Unlike melody, rhythm is potentially a useful way for computers to find a song’s genre, da F. Costa says, because it is simple to extract and is independent of instruments or vocals. Previous efforts to analyse rhythm tended to focus on the duration of notes, such as quarter or eighth-notes (crotchets or quavers), and would look for groups and patterns that were characteristic of a given style. Da F. Costa reasoned that musical style might be better pinpointed by focusing on the probability of pairs of notes of given durations occurring together. For example, one style of music might favour a quarter note being followed by another quarter note, while another genre would favour a quarter note being succeeded by an eighth note.

But there’s a problem with this taxonomy-by-analysis approach:

Barrington, however, believes that assigning genres to entire tracks suffers from what he calls the Bohemian Rhapsody problem, after the 1975 song by Queen which progresses from mellow piano introduction to blistering guitar solo to cod operetta. “For some songs it just doesn’t make sense to say ‘this is a rock song’ or ‘this is a pop song’,” he says.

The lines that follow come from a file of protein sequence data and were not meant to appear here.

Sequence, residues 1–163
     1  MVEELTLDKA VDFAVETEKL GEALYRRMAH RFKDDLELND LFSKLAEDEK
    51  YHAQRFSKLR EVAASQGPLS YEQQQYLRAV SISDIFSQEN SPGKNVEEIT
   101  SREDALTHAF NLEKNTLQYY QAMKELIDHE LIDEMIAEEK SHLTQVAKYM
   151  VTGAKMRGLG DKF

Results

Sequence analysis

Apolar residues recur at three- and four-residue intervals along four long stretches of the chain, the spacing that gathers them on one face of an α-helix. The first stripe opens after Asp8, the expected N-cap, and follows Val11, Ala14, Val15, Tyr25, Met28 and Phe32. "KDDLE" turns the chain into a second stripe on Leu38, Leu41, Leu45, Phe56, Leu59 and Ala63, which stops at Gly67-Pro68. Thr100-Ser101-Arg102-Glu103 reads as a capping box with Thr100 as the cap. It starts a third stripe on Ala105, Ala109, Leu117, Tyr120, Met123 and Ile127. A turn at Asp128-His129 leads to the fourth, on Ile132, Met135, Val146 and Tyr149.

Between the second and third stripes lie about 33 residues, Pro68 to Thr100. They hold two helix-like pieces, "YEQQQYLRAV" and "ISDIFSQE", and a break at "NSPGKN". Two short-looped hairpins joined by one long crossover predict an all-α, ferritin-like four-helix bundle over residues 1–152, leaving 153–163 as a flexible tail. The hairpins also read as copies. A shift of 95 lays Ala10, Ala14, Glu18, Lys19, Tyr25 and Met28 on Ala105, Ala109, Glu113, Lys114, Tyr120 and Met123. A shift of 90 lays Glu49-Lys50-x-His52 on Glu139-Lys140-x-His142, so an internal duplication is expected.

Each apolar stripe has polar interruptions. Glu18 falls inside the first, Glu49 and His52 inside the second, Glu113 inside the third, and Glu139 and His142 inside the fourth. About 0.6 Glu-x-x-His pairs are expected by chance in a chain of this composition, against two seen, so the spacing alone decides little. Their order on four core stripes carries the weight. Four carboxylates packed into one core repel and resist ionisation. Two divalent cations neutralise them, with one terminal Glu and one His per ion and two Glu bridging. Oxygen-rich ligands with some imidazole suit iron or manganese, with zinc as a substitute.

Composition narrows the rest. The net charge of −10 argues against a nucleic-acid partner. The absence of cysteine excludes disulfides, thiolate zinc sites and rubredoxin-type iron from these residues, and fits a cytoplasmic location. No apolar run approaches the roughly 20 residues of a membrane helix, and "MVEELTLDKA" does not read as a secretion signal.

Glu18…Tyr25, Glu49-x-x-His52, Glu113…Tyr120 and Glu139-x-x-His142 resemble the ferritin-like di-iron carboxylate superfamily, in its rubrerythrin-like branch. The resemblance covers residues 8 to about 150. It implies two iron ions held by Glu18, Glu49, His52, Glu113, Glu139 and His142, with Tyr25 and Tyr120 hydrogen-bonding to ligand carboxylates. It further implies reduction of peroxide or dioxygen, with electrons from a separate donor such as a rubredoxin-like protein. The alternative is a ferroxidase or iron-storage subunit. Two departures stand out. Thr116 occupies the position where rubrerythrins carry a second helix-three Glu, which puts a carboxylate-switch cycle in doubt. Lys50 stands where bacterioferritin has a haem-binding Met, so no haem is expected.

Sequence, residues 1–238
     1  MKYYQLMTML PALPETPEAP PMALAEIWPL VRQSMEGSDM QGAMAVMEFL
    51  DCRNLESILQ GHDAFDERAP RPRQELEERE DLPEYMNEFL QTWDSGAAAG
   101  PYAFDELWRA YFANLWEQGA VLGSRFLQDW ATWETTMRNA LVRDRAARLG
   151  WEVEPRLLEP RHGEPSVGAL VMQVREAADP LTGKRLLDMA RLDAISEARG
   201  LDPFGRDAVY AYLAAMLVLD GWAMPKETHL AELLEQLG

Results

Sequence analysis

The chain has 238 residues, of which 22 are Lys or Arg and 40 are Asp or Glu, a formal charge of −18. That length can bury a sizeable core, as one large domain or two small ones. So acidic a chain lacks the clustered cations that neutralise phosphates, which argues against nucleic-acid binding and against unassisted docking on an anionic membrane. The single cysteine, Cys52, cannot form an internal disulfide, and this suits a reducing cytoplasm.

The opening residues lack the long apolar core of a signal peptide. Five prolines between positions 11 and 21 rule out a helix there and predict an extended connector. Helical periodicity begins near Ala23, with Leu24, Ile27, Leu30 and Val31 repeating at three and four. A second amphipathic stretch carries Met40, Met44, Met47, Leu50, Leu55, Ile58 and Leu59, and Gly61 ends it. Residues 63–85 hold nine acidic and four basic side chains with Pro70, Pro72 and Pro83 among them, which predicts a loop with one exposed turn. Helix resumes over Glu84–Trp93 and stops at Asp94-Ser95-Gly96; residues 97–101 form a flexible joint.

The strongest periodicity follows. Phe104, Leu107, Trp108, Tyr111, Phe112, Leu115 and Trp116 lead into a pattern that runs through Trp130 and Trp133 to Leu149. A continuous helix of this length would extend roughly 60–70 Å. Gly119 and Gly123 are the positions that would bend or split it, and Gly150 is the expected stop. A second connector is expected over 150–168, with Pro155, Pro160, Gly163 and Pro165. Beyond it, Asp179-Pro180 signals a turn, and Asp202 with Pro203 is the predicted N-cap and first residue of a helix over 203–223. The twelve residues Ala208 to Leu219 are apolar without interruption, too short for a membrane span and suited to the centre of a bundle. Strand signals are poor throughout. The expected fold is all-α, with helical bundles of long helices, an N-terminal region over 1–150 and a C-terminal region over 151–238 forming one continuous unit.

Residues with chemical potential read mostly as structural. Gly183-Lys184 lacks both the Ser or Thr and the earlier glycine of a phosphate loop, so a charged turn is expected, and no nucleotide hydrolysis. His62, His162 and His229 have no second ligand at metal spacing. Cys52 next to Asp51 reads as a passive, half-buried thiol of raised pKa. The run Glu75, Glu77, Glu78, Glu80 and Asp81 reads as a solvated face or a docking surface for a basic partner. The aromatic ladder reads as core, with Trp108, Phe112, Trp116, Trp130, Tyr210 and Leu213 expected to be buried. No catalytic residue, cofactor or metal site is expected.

(Now, doesn’t that remind you of the endless debates over whether a book is science fiction or not? A piece of music can partake of ‘rockness’ and ‘popness’ at the same time, and in varying degrees; I’ve long argued that ‘science fiction’ is an aesthetic which can partaken of by a book, rather than a condition that a book either has or doesn’t have, but it’s not an argument that has made a great deal of impact.)

This analyses of music are a fascinating intellectual exercise, certainly, but I’m not sure that these methods are ever going to be any more successful at taxonomy and recommendation than user-contributed rating and tagging systems… and they’ll certainly never be as efficient in terms of resources expended. And they’ll never be able to assess that most nebulous and subjective of properties, quality

… or will they?

[ * Having just typed this rather flippantly, I am by no means certain that the future role of the critic/curator will be primarily one of recommendation. Will the open playing field offer more opportunity for in-depth criticism that people actually read and engage with for its own sake, or will it devolve into a Klausner-hive of “if you like (X), you’re gonna love (Y)”? ]